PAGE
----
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Dr. B.
Dr. B., Cat Veterinarian
Category: Cat
Satisfied Customers: 22616
Experience:  I am a small animal veterinarian with a special interest in cats and am happy to discuss any questions you have.
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my 20 year old cat cant be taken to the vet , I have spoken

Customer Question

my 20 year old cat cant be taken to the vet , I have spoken to a vet previously who suggested she may have hyperthyroidism , she has recently started meowing more often and wondered if I can buy a medication cat without a vet seeing her
Submitted: 3 years ago.
Category: Cat
Expert:  Dr. B. replied 3 years ago.

& welcome, I am Dr. B, a licensed veterinarian and I would like to help you with your wee one today.

Now if Caley potentially has hyperthyroidism, it would be best practice to have her seen so that a blood test can confirm this. This is especially important since the medication is prescription (therefore cannot be legally dispensed without a vet examining her in person) and wouldn't be advisable to use unless we knew she had thyroid disease (since the tablets won't help any other condition and could cause health issues if given inappropriately). And I would note if she is cat that cannot be taken into her vet, you can request that her vet come to her via a house visit. This would allow you to get her seen, get her tested, and be able to give her the best care possible.

Furthermore, if she is vocalizing more often, I would be concerned that she also has high blood pressure. This can be related to thyroid disease but also a sign we see with kidney troubles, heart disease, and also on its own. Therefore, it would be advisable to have her vet check a blood pressure as well. If she does have one of those underlying health issues, then the blood pressure may settle with treatment of the primary issue but some cats needs this treated as well.

Finally, just since you noted that taking her to the vet would be a struggle and thyroid disease is suspected, I will note one safe over the counter option you could consider here. Specifically, there is a thyroid management diet by Hill's known as Y/D (More Info). It is a diet that limits iodine intake and therefore prevents the body from overproducing thyroid hormone (the basis of the disease). This is a safe option to use without having her seen, as it can control the disease (if present) and would do no harm (if not). That said, if you were to trial this diet with her, do be aware that she can only have this diet to keep her thyroid stable (so no treats, tid bits, etc).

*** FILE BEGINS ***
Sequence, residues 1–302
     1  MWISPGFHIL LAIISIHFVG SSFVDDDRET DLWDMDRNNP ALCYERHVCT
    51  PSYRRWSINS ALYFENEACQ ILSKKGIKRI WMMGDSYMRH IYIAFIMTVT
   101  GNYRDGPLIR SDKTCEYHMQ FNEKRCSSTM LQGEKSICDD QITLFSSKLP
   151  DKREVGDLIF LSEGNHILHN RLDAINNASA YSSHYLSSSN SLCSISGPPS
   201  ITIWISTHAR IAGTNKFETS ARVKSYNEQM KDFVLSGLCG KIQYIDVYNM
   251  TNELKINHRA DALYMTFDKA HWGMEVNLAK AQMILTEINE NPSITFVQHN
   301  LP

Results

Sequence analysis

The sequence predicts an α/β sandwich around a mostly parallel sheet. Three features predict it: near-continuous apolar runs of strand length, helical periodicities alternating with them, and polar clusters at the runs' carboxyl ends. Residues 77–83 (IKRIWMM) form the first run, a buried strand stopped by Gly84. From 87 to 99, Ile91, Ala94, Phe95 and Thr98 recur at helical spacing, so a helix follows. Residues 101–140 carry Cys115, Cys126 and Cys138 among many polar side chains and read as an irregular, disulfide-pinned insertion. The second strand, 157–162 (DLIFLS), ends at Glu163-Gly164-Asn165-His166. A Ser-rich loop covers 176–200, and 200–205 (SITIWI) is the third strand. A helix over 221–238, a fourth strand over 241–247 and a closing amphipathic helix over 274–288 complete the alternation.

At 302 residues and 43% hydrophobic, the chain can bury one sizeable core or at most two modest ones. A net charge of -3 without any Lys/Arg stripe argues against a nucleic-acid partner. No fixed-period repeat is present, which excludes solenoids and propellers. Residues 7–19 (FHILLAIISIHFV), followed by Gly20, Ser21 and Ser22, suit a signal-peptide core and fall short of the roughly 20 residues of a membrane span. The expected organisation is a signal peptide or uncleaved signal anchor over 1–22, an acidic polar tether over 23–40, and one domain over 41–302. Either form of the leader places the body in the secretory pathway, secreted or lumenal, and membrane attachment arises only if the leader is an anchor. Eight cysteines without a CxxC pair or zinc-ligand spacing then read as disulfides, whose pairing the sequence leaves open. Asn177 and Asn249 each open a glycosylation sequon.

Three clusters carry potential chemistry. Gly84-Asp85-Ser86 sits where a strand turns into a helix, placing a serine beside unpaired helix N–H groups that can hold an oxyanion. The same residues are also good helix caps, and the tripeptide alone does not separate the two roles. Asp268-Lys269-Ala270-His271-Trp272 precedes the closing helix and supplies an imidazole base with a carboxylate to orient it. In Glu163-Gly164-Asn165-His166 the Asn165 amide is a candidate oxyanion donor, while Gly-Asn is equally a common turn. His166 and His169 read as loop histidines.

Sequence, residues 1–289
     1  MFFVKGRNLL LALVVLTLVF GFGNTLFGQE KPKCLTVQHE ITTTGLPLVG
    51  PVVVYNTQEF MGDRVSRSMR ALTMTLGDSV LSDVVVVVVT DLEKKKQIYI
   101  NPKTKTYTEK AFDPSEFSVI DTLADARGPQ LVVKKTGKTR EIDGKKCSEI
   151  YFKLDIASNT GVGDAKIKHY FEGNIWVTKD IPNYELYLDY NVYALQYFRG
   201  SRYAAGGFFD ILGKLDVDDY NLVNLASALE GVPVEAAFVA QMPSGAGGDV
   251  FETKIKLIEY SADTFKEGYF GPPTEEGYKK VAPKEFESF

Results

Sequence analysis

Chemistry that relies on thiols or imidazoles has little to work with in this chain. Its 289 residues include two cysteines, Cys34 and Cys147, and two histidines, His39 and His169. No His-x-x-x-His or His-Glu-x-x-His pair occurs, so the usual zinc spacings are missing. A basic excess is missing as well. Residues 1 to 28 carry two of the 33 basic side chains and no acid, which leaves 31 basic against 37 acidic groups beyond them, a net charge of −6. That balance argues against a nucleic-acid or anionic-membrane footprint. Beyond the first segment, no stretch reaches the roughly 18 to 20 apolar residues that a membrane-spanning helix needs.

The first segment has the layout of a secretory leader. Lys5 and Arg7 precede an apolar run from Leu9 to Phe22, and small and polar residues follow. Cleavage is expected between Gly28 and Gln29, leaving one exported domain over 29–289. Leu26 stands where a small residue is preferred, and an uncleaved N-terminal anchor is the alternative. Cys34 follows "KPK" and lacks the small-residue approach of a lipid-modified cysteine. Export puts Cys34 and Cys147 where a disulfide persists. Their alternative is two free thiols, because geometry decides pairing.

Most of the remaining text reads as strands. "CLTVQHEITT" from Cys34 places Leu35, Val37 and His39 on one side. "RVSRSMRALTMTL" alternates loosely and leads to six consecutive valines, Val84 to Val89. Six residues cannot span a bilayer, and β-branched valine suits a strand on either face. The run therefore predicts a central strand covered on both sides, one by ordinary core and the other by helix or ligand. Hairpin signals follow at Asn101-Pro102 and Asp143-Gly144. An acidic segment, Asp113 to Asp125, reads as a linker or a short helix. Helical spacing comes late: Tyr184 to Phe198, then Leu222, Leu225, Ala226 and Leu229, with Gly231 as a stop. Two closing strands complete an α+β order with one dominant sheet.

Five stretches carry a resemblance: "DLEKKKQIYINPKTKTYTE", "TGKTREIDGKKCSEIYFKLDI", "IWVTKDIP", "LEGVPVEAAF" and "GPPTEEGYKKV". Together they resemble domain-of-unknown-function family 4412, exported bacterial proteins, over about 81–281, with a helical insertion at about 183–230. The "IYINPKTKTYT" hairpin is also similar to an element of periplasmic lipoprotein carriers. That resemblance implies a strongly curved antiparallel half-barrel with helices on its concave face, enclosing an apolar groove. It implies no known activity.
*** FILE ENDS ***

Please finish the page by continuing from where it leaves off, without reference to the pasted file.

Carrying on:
Overall, there is no medication disease available over the counter. This is because treating inappropriately could potentially do more harm then good. That said, if you wanted to try something at home first, the Y/D diet would be a safe option to do so. And if she didn't respond to it (and therefore the other concerns are more of a worry), then you can request your vet come to Caley so that she can be examined and treated in the comfort of her own house.

I hope this information is helpful.

If you need any additional information, do not hesitate to ask!

All the best,

Dr. B.


If you have any other questions, please ask me – I’ll be happy to respond. Please remember to rate my service once you have all the information you need. Thank you! : )
Customer: replied 3 years ago.

I will look into the y/d option .

My cat when she fell off our balcony 5 foot not high but too high to jump up , bit and scratched my fatherlaw who is 90 and lives with us and the cat years , he got infected and required treatment . When I explained this to the vet he said that even a home visit would be too risky parties as the cats heart may not take it at 20 and that the home visit would be only when she was going to be put to sleep.

Expert:  Dr. B. replied 3 years ago.
again Frances,

I have to say that I cannot agree with what the previous vet has said regarding home visits. I see a number of elderly hyperthyroid cats in their homes (even sample) and because we take things calmly with the cats, we don't tend to have issue. That said, if your local vet has declared this (as he is legally treating your cat), then you can discuss whether he feels that he can dispense prescription drugs without proper testing (where I can only advise you of best practice and safe choices ). But in any case, I would still say that the Y/D option is the safest and most straight forward if she isn't a cat that can be examined or her vet isn't keen to come to her.

Please take care,

Dr. B.


If you have any other questions, please ask me – I’ll be happy to respond. Please remember to rate my service once you have all the information you need. Thank you! : )